Sarbanes - Sept. 24, 2013

Congressman John Sarbanes joined Sen. Barbara Mikulski Monday in supporting Anthony Brown for governor.

Sarbanes, who represents Maryland’s third district — an area that zigzags from Baltimore to Annapolis — pointed to Brown’s military service as an example of his values.

“The Lieutenant Governor’s service to our country in the U.S. Armed Forces — most recently in Iraq — has set a powerful example of sacrifice and commitment,” said Sarbanes in a statement, adding that Brown is a proven leader who will “help keep Maryland’s recovery on track.”

With the governor’s office’s recent announcement that the state’s job base has returned to pre-recession numbers, jobs will no doubt be a major point in Brown’s campaign.

Brown, who announced his candidacy in May, and running mate Ken Ulman, will face Attorney General Doug Gansler and state delegate Heather Mizeur, neither of whom have announced their running mates yet, in addition to Congressman Dutch Ruppersberger, should he decide to run, in a June 24, 2014 democratic primary.

 

Locked In: Curfew Proposition On The Table For Baltimore City

The proposed changes to the teen curfew in the city of Baltimore don’t have much support in the city’s District 5 office.

Rikki Spector says that for Northwest Baltimore she does not see an advantage to a teen curfew.

Rikki Spector says that for Northwest Baltimore she does not see an advantage to a teen curfew.

“I don’t see any advantage,” said Baltimore City Councilwoman Rochelle Spector, adding that she will learn more about the proposal when it reaches the hearing stage. “I’m not sure that it’s building a better mouse trap.”

If approved, the new curfew, proposed by City Councilman Brandon M. Scott earlier this month, will change the times at which young people must be off city streets to an age-based system. Children under the age of 14 would have to be indoors by 9 p.m. year-round. Teens between 14 and 16 would have to be in by 10 p.m. on weeknights and 11 p.m. on weekends and during summer. The maximum fine would also be increased to $500.

Curfews are not new to the city. Current law mandates that all people under the age of 17 may not be in any public place or establishment after midnight on weekends and 11 p.m. on weekdays. It is also unlawful for any parent or guardian to knowingly permit his or her child to violate this curfew. Those minors in violation of the curfew may be detained by police, but not arrested, and no mark is made on their criminal record. Parents or guardians in violation of the subtitle may also receive a fine of up to $300, imprisonment for a maximum of 60 days, or sentenced to community service.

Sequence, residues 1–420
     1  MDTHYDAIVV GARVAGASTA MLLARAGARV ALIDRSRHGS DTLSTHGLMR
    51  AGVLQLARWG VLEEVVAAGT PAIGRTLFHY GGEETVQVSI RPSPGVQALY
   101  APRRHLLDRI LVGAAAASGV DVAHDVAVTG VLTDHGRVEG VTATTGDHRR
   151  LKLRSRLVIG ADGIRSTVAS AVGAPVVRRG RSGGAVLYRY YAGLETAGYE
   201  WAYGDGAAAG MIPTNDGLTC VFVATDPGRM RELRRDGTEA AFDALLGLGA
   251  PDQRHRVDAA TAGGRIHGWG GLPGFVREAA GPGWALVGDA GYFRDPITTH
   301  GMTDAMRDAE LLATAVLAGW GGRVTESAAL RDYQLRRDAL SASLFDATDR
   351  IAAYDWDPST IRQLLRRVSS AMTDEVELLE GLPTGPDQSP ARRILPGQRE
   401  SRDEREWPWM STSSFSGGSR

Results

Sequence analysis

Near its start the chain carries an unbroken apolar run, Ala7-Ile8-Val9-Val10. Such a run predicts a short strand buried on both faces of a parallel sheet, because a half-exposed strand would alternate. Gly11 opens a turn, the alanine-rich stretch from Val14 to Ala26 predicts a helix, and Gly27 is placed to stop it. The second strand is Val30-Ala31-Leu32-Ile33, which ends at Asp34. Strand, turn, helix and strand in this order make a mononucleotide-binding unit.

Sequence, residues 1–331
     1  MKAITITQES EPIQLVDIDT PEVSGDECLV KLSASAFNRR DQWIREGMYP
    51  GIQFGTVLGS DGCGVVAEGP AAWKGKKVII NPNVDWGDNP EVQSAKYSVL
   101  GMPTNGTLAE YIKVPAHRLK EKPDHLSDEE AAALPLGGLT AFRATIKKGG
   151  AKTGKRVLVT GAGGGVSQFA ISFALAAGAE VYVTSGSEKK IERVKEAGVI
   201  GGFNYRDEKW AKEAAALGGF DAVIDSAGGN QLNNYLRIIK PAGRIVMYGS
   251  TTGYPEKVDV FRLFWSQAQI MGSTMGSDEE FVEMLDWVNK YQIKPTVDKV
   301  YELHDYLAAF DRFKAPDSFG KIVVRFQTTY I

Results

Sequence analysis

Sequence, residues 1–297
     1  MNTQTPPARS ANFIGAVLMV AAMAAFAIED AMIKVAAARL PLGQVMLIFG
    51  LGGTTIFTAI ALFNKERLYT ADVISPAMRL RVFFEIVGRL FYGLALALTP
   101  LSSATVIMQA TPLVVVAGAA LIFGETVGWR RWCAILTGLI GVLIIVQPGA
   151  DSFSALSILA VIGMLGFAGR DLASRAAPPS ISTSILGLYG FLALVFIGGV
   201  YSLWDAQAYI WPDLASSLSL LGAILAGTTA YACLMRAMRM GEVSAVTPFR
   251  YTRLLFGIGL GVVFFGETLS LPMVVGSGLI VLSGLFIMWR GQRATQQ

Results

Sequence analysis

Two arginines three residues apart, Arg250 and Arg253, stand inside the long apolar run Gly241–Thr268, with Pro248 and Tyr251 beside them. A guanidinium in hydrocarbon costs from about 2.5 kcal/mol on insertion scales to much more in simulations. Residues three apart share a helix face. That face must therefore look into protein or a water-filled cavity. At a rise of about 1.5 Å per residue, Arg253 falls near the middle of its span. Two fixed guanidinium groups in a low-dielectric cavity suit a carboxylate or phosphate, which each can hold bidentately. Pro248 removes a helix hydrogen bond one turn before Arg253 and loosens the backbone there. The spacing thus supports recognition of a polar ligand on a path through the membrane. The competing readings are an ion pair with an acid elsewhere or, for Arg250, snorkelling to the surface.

The proposed system would allow minors and their families to avoid a civil citation by attending a family-strengthening program.

In her district, District 5, The Northwest portion of the city, Spector said juvenile behavior has been a problem, but she is wary of an across-the-board fix to a complicated problem. With organizations like the Northwest Citizen’s Patrol and Shomrim, along with the local police precinct, Spector said the situation in her district is better than that of many other regions of the city.

“When we identify an area or situation, it really gets focused attention and resources,” she said.

Exceptions would remain in place for minors accompanied by a parent or returning home from work or a school or religious function.

Baltimore has gained national attention over the years for its murder rate, which rests at the 6th-highest in the U.S. among cities with populations of 100,000 people or more, according to FBI data. According to the city of Baltimore’s Comstat data, Baltimore Police have made 32,718 arrests in 2013 and of those, 2,487 (7.6 percent) were juveniles. While this figure is almost identical to the rate in cities like Washington, D.C., where 7.3 percent of 2012 arrests were juveniles, part of Councilman Scott’s motive behind his proposal is to help reduce truancy in the city schools and improve student performance, he told Nathan Sterner on 88.1 FM’s “Midday with Dan Rodricks” last Tuesday.

Said Councilwoman Spector: “Police can’t be the answer to parents or those who are responsible for these children.”

Gansler Releases Twitter Video Before Announcement

Maryland Attorney General Doug Gansler released a gubernatorial campaign video via Twitter on Thursday, Sept. 19, ahead of his official announcement on Tuesday, Sept. 24.

His challengers include Lt. Gov. Anthony Brown and running mate Ken Ulman, who currently serves as Howard County Executive, and state delegate Heather Mizeur, a democrat who represents the 20th District in Montgomery County. Congressman Dutch Ruppersberger (D-2), who also served as Baltimore County’s executive from 1994 until 2002, is considering running.